In this paper, we provoke the strong focus on personal agency in employability research. We counter three dominant assumptions in the literature, namely, (a) that employability is an individual asset, (b) that employability is owned by the individual, and (c) that employability leads to positive outcomes. A key observation is that the three dominant theories that are being used in employability studies, namely, human capital theory, conservation of resources theory, and social exchange theory, also question these core agency assumptions that form the basis of those studies. Based on these theories, we identify three blind spots in employability research: Employability is (a) contextual, (b) relational, and (3) polarising. Taken together, we make the case that the agency perspective overlooks a potential dark side of employability: The winner takes it all, the loser has to fall. We outline a future research agenda on this potential dark side of employability.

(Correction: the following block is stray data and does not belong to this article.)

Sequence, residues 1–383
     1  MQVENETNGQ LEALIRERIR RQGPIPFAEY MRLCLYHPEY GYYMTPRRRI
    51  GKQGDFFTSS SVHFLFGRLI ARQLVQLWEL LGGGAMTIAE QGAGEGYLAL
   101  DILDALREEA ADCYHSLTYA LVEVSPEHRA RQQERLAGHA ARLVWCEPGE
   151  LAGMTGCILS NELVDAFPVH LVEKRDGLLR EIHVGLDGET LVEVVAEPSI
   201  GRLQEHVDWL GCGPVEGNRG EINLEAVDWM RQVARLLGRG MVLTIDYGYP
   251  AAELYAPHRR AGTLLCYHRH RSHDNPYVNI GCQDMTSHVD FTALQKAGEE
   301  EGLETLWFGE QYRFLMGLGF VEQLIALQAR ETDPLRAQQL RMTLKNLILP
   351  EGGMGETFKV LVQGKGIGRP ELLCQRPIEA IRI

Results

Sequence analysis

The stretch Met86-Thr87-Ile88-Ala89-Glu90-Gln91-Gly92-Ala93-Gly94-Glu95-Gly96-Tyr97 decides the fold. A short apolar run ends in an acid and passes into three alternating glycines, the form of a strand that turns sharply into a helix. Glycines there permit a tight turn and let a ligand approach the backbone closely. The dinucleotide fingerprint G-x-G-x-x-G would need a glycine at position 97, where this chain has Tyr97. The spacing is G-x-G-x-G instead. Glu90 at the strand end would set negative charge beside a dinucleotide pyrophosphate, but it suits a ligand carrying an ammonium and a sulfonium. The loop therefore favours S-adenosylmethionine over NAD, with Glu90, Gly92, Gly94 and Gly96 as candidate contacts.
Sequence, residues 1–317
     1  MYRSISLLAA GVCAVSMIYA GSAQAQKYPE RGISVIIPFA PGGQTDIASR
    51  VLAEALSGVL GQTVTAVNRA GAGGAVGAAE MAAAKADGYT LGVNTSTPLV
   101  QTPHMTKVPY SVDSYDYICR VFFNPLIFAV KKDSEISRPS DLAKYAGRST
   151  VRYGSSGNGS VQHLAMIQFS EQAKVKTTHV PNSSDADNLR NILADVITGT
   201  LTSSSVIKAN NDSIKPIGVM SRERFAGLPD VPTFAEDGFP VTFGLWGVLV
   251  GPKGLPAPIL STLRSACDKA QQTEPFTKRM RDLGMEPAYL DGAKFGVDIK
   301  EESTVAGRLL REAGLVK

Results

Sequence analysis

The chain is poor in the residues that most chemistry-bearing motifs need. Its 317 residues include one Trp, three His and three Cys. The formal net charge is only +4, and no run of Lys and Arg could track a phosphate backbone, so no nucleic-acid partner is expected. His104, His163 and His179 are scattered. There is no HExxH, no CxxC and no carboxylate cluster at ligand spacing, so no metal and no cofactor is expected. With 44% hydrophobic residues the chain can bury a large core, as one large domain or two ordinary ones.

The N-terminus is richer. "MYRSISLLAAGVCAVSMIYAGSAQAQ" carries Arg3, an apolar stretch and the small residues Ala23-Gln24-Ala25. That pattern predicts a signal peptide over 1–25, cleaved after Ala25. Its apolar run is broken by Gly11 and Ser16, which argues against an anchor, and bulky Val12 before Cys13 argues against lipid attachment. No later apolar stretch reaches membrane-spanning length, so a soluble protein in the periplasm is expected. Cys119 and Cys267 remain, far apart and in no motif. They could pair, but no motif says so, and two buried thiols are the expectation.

- conservation of resources theory
- human capital theory
- social exchange theory